Poor Rep. John Doolittle (R-Calif.) has a lot of ethics issues on his hands these days.
He is already under investigation by the Department of Justice for his multiple connections to – and legislative favors apparently performed for – convicted former superlobbyist Jack Abramoff. He also helped pass $37 million in contracts the military did not request to the contractor who bribed fomer Rep. (and now federal inmate) Randy "Duke" Cunningham. (You can read all about Rep. Doolittle’s tainted record in our Hall of Shame.)
Now his campaign fundraising practices – specifically, the 15% commission his wife earns on every contribution raised by her company – is raising a few eyebrows.
While he insists that it’s all legal and "standard practice," the national Association of Fundraising Professionals fired off a letter to let him know that, in fact, commission-based fundraising is clearly prohibited by the long-standing ethics code of their association and is definitely NOT standard practice in the industry. (They have learned from experience that paying commissions for fundraising tends to place the incentive on personal gain for the fundraiser rather than the best interest of the client.) "This is a big deal for us," said Association head Paulette Maehara.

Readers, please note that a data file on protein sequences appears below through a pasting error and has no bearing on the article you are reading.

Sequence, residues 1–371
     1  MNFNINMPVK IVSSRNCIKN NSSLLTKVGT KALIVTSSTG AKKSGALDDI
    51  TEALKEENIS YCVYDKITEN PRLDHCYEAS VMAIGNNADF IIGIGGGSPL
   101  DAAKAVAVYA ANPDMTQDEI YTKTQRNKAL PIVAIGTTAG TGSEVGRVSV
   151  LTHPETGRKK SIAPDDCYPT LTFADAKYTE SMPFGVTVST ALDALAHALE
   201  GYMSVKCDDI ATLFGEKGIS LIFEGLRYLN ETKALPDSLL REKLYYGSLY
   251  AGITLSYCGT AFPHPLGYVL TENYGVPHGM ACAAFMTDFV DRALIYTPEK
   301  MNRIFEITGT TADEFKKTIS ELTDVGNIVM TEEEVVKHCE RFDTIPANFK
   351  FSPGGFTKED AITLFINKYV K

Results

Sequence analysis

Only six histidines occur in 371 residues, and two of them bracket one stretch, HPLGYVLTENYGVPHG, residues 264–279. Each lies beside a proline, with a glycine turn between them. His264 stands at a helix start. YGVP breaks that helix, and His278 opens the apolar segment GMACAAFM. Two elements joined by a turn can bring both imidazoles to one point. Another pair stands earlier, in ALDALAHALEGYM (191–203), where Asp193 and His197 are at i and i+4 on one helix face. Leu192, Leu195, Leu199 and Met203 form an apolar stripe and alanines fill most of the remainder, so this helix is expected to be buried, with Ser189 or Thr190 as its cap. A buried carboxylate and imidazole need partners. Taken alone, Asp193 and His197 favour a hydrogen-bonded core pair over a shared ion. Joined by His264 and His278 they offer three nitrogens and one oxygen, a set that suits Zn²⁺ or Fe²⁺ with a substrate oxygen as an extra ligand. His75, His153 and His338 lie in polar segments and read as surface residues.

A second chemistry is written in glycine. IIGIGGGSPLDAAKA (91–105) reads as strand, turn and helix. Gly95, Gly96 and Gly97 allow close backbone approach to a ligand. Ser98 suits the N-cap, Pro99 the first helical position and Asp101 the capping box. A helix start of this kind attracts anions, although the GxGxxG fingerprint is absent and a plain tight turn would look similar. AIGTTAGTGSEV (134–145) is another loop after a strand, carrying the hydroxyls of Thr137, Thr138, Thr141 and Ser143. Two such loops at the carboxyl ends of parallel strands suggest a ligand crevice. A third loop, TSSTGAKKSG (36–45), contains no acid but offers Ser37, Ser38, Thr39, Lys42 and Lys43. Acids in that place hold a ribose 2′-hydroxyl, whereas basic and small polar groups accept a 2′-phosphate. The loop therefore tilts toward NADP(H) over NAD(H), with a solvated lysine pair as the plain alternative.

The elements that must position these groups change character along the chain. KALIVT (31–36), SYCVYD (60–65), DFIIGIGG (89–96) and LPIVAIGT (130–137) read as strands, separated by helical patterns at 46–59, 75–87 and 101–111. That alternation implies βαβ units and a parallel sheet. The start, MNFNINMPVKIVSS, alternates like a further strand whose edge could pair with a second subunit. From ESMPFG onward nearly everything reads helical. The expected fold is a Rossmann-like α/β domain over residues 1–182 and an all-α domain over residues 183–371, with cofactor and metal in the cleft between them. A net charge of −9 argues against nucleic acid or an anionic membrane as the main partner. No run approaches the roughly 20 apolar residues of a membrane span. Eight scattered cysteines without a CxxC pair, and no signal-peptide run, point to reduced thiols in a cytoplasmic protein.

The one-person fundraising company, Sierra Dominion, which is run by Doolittle’s wife Julie out of the couple’s suburban Virginia home, has collected $180,000 from Doolittle’s campaign since September of 2003. This includes a percentage of the $70,000 that Doolittle accepted from clients of Jack Abramoff, contributions that he has refused to return, and from businesses associated with the Cunningham bribery scandal.
While continuing to defend the clearly unethical practice, Doolittle added in a February interview with the Sacramento Bee that "some [people] just don’t like the family being involved in this."
Well, can you imagine that? I mean, who could possibly have a problem with a member of Congress raising money from lobbyists and businesses later convicted for bribing public officials, and feathering his own nest by passing along thousands of those dollars to his own wife working out of his own home – and through a fee arrangment viewed as unethical by industry experts, no less?
With ethics acumen like that, it’s surprising the Republican party hasn’t tried to make Rep. Doolittle chair of the House ethics committee.
Of course, he has hinted lately that his wife might be willing to consider changing the arrangement. Perhaps the Justice Department will remind him of some changes he needs to make in his other professional practices as well….